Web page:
My finish experience was so much better than last year because I wasn’t stressing about finding someone else who had my warm clothes. I sat for a few minutes with some water and chips before grabbing my bag. I was so impressed with the presence of changing tents – being able to completely change from my wet shirt was a game-changer! While it was a bit chilly, I stayed long enough to enjoy (most of my) post-race beer. I was pretty sore after, but a mile walk to the post-race brunch with the Oiselle Volee helped me loosen up a bit! I loved meeting other Birds (some I’d talked to/followed online for years), the food was delicious, and the mimosa(s?) were wonderful. Another mile walk back to the subway was needed for the legs, and I spent the night relaxing! (Actually, I went on a date? But alas, he “disappeared” shortly after that night).

Vermont City Marathon Training Update #1 – Weeks 1-4

Disclaimer: I received free entry to the Vermont City Marathon as part of being a BibRave Pro. Learn more about becoming a BibRave Pro (ambassador), and check out BibRave.com to review find and write race reviews!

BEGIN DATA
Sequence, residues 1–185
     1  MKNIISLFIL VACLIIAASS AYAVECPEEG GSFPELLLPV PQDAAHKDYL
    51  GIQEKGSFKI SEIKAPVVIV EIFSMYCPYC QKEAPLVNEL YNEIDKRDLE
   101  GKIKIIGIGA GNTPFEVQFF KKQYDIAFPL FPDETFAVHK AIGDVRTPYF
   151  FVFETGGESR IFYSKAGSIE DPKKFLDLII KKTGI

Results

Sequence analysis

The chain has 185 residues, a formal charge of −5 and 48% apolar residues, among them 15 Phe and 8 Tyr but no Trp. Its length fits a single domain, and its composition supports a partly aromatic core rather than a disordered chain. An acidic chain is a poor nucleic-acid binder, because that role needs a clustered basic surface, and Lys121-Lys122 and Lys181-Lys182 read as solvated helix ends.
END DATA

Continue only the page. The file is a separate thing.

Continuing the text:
It’s already been a month since I signed up for the Vermont City Marathon (VCM) and it’s just two months away! This weekend I ran my longest long run so far, 16 miles. Before we get there, let’s get into how I’m training for the VCM and what some early goals are!

How I’m training: I had spent the last two months really setting my sights on lots of fun spring races and a half-PR. When I added this marathon to my schedule, I was flustered as to how I was going to fit everything in! I quickly reached out to Lisa at Mile by Mile to coach me on my way to my first sub-5:00 marathon. Working with Lisa has been great so far! I’m running 4 days per week and integrating more strength and mobility than ever before (which wasn’t much). I’m still using my run-walk intervals, using mostly 90(run):30(walk) aside from recovery days and/or fartlek days. I plan to focus on 90:30 and 120:30 intervals for long runs to get that run time up for marathoning!

For the first time ever, I’m also super in to cross-training. Yes, me! That’s because back in February I got a PELOTONThis spin bike is changing the game for me. I absolutely love getting on the bike, whether it’s for a 20-, 30-, or 40- minute class. I feel so fit and faster paces are feeling easier and easier. I try to get on my bike at least 3 times a week for a variety of different classes. I also love the stretching and strength classes that they offer!